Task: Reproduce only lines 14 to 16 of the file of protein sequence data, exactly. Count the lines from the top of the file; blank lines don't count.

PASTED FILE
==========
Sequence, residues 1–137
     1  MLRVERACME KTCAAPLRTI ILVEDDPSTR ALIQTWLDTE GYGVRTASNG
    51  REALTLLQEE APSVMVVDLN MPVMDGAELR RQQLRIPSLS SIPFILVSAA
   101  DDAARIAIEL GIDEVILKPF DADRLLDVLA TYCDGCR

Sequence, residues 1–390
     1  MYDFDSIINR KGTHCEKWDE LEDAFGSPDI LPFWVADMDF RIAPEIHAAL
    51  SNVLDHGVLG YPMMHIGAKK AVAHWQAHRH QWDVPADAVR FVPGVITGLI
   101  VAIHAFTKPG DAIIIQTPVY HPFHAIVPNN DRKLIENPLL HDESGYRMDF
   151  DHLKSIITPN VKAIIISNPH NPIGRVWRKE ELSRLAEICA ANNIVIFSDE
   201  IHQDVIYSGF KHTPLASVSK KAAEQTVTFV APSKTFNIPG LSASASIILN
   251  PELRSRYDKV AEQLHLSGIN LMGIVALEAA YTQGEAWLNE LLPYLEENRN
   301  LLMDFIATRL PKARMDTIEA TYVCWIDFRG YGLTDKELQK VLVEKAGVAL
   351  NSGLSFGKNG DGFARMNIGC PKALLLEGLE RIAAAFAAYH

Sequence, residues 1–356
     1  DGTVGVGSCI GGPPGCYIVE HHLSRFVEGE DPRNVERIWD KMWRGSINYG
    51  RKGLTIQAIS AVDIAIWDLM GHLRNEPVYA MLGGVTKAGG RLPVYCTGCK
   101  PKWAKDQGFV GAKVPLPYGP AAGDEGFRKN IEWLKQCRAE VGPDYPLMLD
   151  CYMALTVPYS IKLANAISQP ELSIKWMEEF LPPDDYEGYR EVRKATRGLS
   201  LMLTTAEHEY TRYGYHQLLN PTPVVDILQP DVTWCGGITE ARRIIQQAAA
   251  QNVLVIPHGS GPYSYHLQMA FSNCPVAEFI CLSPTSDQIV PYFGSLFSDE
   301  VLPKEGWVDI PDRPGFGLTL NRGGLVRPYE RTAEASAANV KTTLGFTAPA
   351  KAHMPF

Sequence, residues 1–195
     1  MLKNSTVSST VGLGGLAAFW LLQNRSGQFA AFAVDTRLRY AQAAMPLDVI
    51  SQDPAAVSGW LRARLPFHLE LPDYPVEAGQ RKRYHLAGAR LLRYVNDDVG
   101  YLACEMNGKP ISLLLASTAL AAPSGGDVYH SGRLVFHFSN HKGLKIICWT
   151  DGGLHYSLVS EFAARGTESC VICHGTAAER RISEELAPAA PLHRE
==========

Sequence, residues 1–356
     1  DGTVGVGSCI GGPPGCYIVE HHLSRFVEGE DPRNVERIWD KMWRGSINYG
    51  RKGLTIQAIS AVDIAIWDLM GHLRNEPVYA MLGGVTKAGG RLPVYCTGCK